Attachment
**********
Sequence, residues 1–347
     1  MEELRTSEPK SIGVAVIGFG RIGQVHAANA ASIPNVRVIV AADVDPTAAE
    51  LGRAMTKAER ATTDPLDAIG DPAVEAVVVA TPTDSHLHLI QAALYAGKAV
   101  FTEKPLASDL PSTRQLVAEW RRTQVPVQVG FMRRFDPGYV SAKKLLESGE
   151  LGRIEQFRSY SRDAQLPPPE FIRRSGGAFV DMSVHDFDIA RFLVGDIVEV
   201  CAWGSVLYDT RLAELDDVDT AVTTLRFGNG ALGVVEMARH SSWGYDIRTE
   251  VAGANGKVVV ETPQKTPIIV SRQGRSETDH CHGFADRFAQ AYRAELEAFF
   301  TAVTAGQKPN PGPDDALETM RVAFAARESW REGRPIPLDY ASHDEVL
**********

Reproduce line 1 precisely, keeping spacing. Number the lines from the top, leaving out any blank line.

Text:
Sequence, residues 1–347